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Cardiorespiratory fitness testing and cardiovascular disease risk in male steelworkers / B. J. Gray; J. W. Stephens; S. P. Williams; C. A. Davies; D. Turner; R. M. Bracken; Richard Bracken

Occupational Medicine, Volume: 67, Issue: 1, Pages: 38 - 43

Swansea University Author: Richard, Bracken

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DOI (Published version): 10.1093/occmed/kqw131

Abstract

BackgroundThe workplace has been advocated as a setting to perform cardiovascular disease (CVD) risk assessments. These risk assessments usually focus on traditional risk factors rather than cardiorespiratory fitness (CRF) despite established associations between CRF and CVD. The lack of guidance on...

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Published in: Occupational Medicine
ISSN: 1471-8405
Published: 2017
Online Access: Check full text

URI: https://cronfa.swan.ac.uk/Record/cronfa36817
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Abstract: BackgroundThe workplace has been advocated as a setting to perform cardiovascular disease (CVD) risk assessments. These risk assessments usually focus on traditional risk factors rather than cardiorespiratory fitness (CRF) despite established associations between CRF and CVD. The lack of guidance on interpreting health-related CRF values has been suggested as a barrier to utilizing CRF in practice.AimsTo assess the merits of CRF testing in the workplace and explore whether a CRF value identified male individuals above the recommended threshold for further clinical investigation.MethodsCross-sectional analysis of male steelworkers from Carmarthenshire, South Wales, UK who completed a workplace-based CVD risk assessment with an added CRF protocol based on heart rate responses (Chester Step Test). Receiver operating characteristic (ROC) analysis was undertaken to explore the possibility of a CRF value to identify individuals at an increased 10-year risk of CVD (QRISK2 ≥ 10%).ResultsThere were 81 participants. ROC analysis revealed that a CRF level of 34.5ml/kg/min identified those individuals above the ≥10% QRISK2 threshold with the best sensitivity (0.800) and specificity (0.687) to discriminate against true- and false-positive rates. Further analysis revealed that individuals with either ‘Average’ or ‘Below Average’ CRF would be five times more likely to have a 10-year CVD risk above the ≥10% QRISK2 threshold than individuals with an ‘Excellent’ or ‘Good’ level of fitness [OR 5.10 (95% CI 1.60–16.3)].ConclusionsThis study suggests CRF assessments are a useful addition to a workplace CVD assessment and could identify male individuals at increased predicted risk of the condition.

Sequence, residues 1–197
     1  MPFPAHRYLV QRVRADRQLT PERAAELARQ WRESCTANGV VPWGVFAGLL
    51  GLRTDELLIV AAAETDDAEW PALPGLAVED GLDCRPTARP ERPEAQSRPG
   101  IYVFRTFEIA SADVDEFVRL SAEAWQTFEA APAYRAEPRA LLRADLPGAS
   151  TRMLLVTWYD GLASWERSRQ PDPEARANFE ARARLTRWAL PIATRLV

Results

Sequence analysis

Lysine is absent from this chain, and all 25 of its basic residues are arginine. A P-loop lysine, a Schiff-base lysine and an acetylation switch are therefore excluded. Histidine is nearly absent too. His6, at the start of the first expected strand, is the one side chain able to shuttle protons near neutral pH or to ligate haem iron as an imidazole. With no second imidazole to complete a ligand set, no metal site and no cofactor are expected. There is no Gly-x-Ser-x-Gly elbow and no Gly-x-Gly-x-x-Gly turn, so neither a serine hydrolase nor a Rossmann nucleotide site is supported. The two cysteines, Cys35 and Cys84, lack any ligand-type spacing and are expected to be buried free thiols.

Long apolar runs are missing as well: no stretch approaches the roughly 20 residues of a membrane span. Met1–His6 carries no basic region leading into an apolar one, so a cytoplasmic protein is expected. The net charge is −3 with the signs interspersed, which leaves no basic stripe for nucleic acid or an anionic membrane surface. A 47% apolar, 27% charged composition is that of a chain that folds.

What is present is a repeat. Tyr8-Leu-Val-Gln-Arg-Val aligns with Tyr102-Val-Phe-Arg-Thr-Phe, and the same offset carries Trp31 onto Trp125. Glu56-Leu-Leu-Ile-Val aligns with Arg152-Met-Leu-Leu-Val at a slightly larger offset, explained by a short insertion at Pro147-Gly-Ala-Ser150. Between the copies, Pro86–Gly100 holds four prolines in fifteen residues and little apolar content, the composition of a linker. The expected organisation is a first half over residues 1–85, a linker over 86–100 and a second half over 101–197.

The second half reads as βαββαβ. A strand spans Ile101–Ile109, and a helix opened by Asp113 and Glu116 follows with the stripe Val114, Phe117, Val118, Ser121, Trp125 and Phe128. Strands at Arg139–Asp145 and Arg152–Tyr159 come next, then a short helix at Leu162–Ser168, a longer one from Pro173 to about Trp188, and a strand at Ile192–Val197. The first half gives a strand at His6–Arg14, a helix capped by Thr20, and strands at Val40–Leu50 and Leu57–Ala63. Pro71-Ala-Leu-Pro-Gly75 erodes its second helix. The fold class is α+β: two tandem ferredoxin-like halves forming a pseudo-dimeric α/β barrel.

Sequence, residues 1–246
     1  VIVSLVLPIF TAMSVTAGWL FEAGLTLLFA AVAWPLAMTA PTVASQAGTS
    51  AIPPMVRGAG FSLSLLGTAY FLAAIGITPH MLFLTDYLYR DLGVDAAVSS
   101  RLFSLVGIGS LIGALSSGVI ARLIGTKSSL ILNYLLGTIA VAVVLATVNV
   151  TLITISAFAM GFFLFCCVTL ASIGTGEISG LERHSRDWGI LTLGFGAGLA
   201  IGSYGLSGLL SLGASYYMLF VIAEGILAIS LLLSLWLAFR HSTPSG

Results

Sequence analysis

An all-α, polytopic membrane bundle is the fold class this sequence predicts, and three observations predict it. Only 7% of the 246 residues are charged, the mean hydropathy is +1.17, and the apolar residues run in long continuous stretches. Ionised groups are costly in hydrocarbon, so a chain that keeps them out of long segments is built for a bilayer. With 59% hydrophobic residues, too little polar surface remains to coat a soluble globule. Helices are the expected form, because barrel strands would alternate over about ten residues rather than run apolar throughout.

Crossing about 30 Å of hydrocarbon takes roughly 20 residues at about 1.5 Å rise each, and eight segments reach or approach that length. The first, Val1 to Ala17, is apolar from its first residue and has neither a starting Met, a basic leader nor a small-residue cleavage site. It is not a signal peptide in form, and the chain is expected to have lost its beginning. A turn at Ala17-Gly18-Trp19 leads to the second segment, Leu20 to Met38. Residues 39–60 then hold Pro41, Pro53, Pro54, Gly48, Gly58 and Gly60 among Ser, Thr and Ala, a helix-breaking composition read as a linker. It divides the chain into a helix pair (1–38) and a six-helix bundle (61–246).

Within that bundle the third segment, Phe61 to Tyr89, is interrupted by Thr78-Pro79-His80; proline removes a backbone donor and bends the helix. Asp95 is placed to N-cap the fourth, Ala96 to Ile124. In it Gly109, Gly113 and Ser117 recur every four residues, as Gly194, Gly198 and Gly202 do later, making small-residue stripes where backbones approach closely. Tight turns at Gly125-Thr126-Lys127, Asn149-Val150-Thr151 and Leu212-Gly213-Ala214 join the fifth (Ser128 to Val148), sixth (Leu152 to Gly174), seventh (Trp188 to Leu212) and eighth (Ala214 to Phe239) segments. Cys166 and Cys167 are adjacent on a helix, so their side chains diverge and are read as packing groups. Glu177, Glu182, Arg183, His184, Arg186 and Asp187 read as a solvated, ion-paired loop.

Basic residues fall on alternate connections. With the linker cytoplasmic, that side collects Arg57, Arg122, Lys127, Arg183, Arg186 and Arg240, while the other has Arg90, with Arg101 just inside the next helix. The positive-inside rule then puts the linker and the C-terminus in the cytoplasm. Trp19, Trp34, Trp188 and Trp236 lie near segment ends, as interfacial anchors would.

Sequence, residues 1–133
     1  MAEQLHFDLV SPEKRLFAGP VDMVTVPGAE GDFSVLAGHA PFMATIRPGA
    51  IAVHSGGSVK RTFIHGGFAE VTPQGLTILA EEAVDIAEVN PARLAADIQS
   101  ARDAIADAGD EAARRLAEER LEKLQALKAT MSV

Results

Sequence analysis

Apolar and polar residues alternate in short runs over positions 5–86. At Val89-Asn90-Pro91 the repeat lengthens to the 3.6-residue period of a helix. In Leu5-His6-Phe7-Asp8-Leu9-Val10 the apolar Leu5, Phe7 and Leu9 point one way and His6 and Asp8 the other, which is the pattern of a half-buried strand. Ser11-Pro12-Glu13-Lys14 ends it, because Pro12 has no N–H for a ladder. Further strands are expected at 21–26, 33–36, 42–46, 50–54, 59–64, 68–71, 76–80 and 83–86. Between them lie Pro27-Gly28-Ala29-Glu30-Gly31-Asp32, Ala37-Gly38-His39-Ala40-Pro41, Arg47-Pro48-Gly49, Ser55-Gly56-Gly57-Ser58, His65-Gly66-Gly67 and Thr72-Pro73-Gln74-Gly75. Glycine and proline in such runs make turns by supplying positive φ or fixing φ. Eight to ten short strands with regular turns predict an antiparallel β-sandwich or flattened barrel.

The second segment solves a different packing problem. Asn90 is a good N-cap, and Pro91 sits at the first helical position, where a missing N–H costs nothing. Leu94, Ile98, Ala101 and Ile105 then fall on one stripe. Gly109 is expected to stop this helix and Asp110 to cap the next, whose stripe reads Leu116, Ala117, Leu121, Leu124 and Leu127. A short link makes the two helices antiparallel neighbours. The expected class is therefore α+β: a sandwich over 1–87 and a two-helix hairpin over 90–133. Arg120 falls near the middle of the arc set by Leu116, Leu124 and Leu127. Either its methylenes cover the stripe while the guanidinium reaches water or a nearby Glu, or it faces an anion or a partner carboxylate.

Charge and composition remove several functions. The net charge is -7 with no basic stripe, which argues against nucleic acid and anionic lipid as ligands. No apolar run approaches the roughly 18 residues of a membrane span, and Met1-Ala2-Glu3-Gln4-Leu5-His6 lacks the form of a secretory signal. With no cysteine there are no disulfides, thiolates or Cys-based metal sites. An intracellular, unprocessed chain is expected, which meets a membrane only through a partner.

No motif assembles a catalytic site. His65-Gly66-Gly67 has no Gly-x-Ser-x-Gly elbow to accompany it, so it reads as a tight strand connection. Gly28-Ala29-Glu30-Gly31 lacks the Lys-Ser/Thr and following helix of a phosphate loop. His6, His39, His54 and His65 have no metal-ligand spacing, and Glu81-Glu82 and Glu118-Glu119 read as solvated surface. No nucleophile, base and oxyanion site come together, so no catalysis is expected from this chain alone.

Keywords: Cardiovascular diseases, coronary heart disease, exercise test, physical fitness, primary prevention, risk assessment, workplace health promotion.
College: College of Engineering
Issue: 1
Start Page: 38
End Page: 43